By Greg Kaplan, Benjamin Moll and Giovanni L. Violante
We revisit the transmission mechanism of monetary policy for household consumption in a Heterogeneous Agent New Keynesian (HANK) model. The model yields empirically realistic distributions of wealth and marginal propensities to consume because of two features: uninsurable income shocks and multiple assets with different degrees of liquidity and different returns. In this environment, the indirect effects of an unexpected cut in interest rates, which operate through a general equilibrium increase in labor demand, far outweigh direct effects such as intertemporal substitution. This finding is in stark contrast to small- and medium-scale Representative Agent New Keynesian (RANK) economies, where the substitution channel drives virtually all of the transmission from interest rates to consumption. Failure of Ricardian equivalence implies that, in HANK models, the fiscal reaction to the monetary expansion is a key determinant of the overall size of the macroeconomic response.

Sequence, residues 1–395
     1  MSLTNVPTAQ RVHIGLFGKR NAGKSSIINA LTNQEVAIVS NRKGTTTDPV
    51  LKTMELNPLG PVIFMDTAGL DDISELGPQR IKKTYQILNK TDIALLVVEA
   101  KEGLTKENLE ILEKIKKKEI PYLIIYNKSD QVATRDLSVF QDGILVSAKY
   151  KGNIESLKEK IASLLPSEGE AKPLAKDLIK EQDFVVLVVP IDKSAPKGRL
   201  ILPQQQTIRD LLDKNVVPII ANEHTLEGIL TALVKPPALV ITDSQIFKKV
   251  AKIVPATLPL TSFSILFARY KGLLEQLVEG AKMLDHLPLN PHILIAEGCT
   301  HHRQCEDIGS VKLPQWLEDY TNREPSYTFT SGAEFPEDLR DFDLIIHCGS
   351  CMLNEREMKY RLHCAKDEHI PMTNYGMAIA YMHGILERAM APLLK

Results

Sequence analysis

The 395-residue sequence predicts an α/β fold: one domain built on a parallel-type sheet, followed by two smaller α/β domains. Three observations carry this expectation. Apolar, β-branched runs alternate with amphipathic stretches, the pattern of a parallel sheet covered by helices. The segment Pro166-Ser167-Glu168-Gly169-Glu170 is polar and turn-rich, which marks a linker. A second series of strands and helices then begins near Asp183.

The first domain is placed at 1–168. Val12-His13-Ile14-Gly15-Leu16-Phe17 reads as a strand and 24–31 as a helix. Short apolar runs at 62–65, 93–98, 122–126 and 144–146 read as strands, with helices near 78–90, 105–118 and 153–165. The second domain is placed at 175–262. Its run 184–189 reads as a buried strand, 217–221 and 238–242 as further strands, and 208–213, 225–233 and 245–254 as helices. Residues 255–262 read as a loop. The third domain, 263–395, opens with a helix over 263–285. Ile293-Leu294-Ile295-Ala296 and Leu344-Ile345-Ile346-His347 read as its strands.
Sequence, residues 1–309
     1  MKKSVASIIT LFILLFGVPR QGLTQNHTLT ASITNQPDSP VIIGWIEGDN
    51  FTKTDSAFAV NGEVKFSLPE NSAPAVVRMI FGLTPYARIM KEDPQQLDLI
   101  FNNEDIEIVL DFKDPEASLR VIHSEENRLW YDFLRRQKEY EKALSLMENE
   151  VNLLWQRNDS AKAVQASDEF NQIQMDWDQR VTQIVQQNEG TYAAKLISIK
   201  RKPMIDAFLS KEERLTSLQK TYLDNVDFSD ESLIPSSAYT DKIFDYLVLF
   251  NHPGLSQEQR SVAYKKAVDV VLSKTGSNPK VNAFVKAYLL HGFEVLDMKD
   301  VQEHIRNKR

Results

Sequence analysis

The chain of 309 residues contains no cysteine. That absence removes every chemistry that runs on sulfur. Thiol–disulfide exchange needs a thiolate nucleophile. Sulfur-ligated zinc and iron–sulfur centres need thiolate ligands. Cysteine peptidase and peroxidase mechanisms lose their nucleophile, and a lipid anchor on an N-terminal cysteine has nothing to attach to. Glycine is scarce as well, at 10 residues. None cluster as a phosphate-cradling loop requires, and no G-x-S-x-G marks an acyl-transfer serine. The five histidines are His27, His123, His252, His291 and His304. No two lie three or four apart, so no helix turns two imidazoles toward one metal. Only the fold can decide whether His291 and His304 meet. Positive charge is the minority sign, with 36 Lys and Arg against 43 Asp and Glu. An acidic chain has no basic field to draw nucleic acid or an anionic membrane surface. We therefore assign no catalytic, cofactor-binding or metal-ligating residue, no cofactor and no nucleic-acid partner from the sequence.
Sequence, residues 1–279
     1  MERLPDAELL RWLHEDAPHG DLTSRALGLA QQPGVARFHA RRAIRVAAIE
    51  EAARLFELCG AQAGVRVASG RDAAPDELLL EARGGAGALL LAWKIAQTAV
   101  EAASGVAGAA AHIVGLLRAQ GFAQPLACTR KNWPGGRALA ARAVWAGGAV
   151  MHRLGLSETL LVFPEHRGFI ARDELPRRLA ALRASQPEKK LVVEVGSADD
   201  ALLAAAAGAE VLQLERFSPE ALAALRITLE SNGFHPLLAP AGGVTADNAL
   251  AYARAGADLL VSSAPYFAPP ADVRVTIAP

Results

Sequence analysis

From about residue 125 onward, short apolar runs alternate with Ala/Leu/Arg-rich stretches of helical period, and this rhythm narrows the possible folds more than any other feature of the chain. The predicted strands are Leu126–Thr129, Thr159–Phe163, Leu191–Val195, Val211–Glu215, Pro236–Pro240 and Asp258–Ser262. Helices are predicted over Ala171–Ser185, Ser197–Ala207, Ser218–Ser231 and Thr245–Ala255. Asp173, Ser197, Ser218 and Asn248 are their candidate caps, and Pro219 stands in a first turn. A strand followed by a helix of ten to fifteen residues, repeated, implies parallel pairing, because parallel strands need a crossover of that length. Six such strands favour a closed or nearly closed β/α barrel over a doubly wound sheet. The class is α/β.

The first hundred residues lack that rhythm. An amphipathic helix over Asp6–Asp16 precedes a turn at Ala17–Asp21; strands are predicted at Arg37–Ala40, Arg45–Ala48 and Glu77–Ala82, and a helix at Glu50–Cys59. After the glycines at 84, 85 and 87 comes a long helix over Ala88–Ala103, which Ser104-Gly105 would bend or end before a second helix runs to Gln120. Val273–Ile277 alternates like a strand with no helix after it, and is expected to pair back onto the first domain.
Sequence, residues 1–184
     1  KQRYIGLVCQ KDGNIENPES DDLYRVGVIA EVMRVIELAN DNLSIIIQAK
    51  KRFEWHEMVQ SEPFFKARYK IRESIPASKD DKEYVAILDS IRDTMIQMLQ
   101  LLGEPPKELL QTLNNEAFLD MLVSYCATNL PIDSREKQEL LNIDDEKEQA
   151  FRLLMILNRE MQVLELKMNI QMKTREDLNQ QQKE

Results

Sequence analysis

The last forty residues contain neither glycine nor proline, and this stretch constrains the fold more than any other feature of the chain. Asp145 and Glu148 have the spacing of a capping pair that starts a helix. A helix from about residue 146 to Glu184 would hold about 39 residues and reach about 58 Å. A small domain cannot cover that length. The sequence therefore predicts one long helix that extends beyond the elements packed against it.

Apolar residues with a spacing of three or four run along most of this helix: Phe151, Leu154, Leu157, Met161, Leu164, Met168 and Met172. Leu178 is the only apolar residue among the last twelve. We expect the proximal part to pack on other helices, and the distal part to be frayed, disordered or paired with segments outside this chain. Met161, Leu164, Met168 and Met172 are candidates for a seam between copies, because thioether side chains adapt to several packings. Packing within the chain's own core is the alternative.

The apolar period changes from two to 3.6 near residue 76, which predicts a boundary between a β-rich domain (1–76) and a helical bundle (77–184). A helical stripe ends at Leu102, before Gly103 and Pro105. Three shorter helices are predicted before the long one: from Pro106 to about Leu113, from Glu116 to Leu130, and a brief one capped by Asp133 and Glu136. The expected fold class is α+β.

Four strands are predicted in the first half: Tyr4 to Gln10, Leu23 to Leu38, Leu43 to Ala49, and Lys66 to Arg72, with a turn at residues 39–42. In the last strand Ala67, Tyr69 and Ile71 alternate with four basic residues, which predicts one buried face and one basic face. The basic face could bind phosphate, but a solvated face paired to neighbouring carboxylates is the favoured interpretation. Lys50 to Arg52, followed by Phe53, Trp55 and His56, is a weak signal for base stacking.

This is an exciting paper that merits highlighting even it has been circulating for a few years. Beyond the interesting results, this paper shows how much we have progressed in modeling. Only a few years ago, the justification of using representative agents was that heterogeneous agents do not really matter for aggregates. And indeed, this was true at the time. But since, both RANK and HANK models have evolved, and now they are able to answer questions where heterogeneity matters. And this paper is the best example of this.